Anger after Malaysia returns refugees to Sri Lanka
Tamils forcibly sent back could face torture
An ethnic Tamil man who was tortured by security forces while detained in Sri Lanka shows the scars on his back. (Picture: Will Baxter)
Human Rights Watch criticized Malaysia today for forcibly returning two ethnic Tamil refugees and an asylum seeker to Sri Lanka, saying the move was a violation of international law.
A statement released by HRW warned that the men could face torture and ill treatment at the hands of Sri Lankan authorities, and urged Sri Lanka’s government to ensure their safety.
“Malaysia’s forced return of these refugees to Sri Lanka is no free pass for torture and mistreatment,” said Phil Robertson, HRW’s deputy Asia director.
Sri Lanka has faced harsh criticism in recent years for its use of torture against individuals the state accuses of links to the now-defunct Liberation Tigers of Tamil Eelam (LTTE). Last year, HRW released a report detailing 75 cases of alleged rape and sexual abuse from 2006 to 2012 in both official and secret detention centers throughout Sri Lanka. Both male and female detainees reported being raped on multiple occasions by members of the army, police and pro-government paramilitary groups.
All three of the men sent back to Sri Lanka this week had been under the protection of the United Nations refugee agency, UNHCR. Two were recognized as refugees by UNHCR while the third man’s asylum claim was awaiting a ruling.
“Governments can’t just pick and choose when to protect refugees,” said Robertson. “Malaysia seemed more interested in burnishing its ties with Sri Lanka than honoring its obligation to protect refugees from possible persecution and torture.”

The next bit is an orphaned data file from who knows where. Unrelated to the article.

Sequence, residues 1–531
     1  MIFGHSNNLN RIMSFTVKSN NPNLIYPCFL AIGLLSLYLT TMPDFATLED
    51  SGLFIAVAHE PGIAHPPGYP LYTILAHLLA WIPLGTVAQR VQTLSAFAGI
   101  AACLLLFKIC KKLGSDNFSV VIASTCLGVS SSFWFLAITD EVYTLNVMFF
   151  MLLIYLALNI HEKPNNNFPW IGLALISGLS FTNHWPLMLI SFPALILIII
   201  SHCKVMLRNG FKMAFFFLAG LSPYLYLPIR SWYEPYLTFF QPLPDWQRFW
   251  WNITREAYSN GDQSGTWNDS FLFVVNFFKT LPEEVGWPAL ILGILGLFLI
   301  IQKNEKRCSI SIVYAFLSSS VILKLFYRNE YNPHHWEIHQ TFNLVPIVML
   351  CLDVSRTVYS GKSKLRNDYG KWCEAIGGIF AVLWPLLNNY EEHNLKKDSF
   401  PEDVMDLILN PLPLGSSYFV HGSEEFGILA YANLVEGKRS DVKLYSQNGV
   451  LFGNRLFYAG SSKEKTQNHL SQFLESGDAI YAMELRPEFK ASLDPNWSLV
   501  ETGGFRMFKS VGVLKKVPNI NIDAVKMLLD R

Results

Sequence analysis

Tamil National Alliance parliamentarian Suresh Premachandran said it was unjust for Malaysia to forcibly return refugees and asylum seekers.
“Many Tamils leave the country due to fear of the environment for Tamils,” he pointed out.
Malaysian authorities initially arrested the three men, all ethnic Tamils, on May 15, 2014, and detained them for 14 days for offenses under the country’s immigration act. Then, in a press release issued on May 25, Inspector General of Police Khalid Abu Bakar announced that the three were in fact “terrorists”. They were flown to Sri Lanka that night with no evidence presented to substantiate the terrorism allegations, according to HRW.
The official website of Sri Lanka’s Defence Ministry has since posted an article denouncing the three men as supporters of the LTTE, heightening concerns for their safety.
For decades the Sri Lankan government was embroiled in a brutal civil war against the LTTE, an insurgent group that fought to carve out a separate Tamil homeland in the country’s north and east until it was defeated militarily by government forces in May 2009.
Since then, the government has maintained a significant military presence in traditionally Tamil-dominated areas, and draconian wartime legislation remains in place, giving security forces far reaching powers to deal with those suspected of links to the LTTE.
In the wake of a US-backed resolution passed in March at the UN Human Rights Council calling for an international investigation into alleged war crimes committed by both the Sri Lankan government and LTTE, the government has been cracking down on activists and alleged LTTE elements.
On March 13, the country’s Terrorist Investigation Division (TID) arrested outspoken activist Balendran Jeyakumari and her 13-year-old daughter Balendran Vibooshika in Kilinochchi. The pair had been campaigning for information about Tamils who disappeared during the country’s civil war. Jeyakumari was detained under the controversial Prevention of Terrorism Act.